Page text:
It is not uncommon for non-IT executives, including ones to whom IT reports, to complain that they don’t really know what IT does and how it operates. This sort of comment is often intended as a veiled (or not so veiled) criticism of the CIO and / or IT department with an implication that the CIO isn’t doing enough to explain what he and his organisation does in a way that a layman can understand.

However, whilst not disputing that this is a key responsibility of the CIO, it struck me that it might be worth considering matters from the opposite point of view. If CIOs have a duty to learn to speak the language of business, it is not also true that non-IT executives, particularly those to whom IT reports, have an equal duty to educate themselves on IT? After all, no one questions that a CEO, even if not from a finance background, should understand at least the basics of business finance.

If this is true, however, the next question is, where should a non-specialist who is seeking to do this start?

Often, where non-IT executives do seek to get involved in IT, they are drawn to the bits that they think that they understand or are personally interested in; which all too often takes you into the realm of personal computing, leading to endless boardroom discussions centred around iPads, smartphones and so on. Of course it’s impossible to completely avoid this. Senior executives are, after all, only human and as keen as all of the rest of us to get to play with the latest kit. However, if non-IT executives want to actually add value, my suggestion is that they should seek to educate themselves in the following areas:

  • IT organisation;
  • IT strategy;
  • IT planning;
  • IT management and governance.

Looking at each of these in turn:

IT organisation

For me, business leaders need to at least have an overall understanding of the possible different organisational and sourcing models for IT and their respective pros and cons. This will allow them to be clear on what role they expect IT to play in the organisation as a whole and ensure that it remains fit for purpose.

IT strategy

The critical issue here is to ensure that the IT strategy is both comprehensive (i.e. not just a technology wish list) and aligned to the big picture. CEOs in particular should consider themselves the customer for the IT strategy, should be clear about what it should include, and they want from it and should never accept being sold a product that they can’t understand.

As far as the technology element of this goes, I suggest that non-IT executives should at least have an overall appreciation of big picture technology trends that impact on their own area of business. As a minimum they should be able to challenge this element of an IT strategy so as to satisfy themselves that all the relevant topics have been considered, whilst avoiding getting into detailed technological blind alleys.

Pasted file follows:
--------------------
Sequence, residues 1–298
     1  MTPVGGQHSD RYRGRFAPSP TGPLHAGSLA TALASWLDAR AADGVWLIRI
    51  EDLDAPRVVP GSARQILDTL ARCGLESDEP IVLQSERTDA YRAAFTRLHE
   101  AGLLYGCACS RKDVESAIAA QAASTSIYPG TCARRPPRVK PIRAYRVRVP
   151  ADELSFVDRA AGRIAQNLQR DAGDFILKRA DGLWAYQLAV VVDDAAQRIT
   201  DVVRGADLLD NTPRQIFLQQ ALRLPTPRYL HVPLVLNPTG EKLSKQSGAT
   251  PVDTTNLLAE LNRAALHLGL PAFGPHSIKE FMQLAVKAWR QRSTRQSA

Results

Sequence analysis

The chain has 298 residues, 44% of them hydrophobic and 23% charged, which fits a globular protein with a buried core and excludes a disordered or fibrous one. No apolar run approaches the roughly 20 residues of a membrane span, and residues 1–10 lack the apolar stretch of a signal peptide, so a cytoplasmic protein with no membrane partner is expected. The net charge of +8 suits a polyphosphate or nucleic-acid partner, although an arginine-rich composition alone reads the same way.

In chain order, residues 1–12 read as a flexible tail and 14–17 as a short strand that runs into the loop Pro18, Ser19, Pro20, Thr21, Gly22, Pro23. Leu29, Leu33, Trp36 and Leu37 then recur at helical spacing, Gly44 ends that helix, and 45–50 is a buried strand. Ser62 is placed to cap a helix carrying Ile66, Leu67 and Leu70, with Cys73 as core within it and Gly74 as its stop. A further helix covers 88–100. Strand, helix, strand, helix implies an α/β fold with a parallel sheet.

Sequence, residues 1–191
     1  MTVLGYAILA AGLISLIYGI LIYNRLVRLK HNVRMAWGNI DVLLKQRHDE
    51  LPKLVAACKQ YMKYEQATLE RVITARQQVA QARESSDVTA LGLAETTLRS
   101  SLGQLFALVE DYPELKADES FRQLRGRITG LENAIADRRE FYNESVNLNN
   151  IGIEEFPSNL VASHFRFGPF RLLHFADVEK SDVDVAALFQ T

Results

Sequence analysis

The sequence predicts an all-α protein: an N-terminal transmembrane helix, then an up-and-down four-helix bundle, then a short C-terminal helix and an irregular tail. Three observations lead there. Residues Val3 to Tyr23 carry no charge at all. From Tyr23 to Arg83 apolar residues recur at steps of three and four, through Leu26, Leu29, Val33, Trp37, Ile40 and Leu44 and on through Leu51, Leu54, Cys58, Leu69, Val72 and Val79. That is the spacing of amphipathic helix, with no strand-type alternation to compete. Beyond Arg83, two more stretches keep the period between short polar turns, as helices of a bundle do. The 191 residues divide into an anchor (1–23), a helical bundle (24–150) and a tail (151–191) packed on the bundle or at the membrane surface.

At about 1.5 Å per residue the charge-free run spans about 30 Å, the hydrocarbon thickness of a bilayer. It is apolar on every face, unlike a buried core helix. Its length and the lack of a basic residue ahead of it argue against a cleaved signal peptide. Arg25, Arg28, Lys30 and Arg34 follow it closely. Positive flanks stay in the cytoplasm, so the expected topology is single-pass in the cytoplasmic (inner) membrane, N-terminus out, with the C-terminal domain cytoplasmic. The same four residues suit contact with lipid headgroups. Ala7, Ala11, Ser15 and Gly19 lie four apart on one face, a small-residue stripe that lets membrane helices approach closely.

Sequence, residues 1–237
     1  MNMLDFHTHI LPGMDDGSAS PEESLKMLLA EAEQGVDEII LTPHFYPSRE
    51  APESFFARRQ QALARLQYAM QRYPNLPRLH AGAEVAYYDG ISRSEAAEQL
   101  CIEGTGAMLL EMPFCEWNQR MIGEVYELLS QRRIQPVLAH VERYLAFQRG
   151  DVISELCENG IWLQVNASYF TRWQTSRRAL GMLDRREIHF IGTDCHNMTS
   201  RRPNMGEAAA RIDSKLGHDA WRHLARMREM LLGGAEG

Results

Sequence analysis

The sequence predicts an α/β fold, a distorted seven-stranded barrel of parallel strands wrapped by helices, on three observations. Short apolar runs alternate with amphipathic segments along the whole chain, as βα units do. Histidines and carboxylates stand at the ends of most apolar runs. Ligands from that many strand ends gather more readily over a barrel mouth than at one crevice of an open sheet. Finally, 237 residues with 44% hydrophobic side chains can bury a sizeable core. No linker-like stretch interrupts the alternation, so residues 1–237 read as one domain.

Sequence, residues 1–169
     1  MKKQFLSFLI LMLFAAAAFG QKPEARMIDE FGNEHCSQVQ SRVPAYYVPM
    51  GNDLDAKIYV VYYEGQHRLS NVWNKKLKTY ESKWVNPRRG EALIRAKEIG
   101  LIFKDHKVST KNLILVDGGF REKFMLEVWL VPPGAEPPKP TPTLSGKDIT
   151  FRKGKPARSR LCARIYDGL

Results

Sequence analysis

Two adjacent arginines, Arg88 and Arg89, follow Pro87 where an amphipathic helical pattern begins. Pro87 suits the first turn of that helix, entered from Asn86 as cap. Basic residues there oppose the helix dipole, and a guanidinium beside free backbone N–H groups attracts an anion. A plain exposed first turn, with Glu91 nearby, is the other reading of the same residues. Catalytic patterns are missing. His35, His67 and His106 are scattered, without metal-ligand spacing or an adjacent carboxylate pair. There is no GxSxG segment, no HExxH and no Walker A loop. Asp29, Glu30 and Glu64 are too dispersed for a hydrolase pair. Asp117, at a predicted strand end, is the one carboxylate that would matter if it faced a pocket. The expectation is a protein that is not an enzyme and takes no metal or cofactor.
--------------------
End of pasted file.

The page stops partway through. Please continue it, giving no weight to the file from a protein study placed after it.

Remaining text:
IT planning

This should flow naturally from the IT strategy (and, indeed the overall strategy for the organisation) and again business leaders and CEOs should have a clear understanding of what they expect (at a high level) to see in an IT plan and how it should be structured. They should play an active role in the formulation of the plan so that they can be sure that what they need has been included and can, where appropriate, challenge the detail in a logical way.

IT management and governance

This is one of the principal areas where IT can be seen as a black art and certainly one wouldn’t expect a non-IT executive to develop a detailed understanding of, for example, ITIL. Nevertheless, especially if they have line responsibility for IT, I believe that it is vital for non-IT executives to at least have an overall understanding of the issues around managing and controlling IT so that they are able to satisfy themselves that the relevant processes and structures are fit for purpose. This should include:

  • Where the division of responsibilities between IT and the business should sit.
  • What governance bodies and processes should be in place (including at least an awareness of the relevant methodologies).
  • The overall issues around recruiting, retaining and managing IT people.
  • How to manage IT suppliers.

For me, focusing on these areas will enable the non-IT executive to strike the right balance between being disengaged and being a ‘meddler’ and all them to work with the CIO and IT department to provide the best overall outcomes.

About the author

Adam Davison MBCS CITP has an MSc in IT from the University of Aston and has filled a variety of senior IT strategy roles for organisations such as E.ON and Esso. See his LinkedIn profile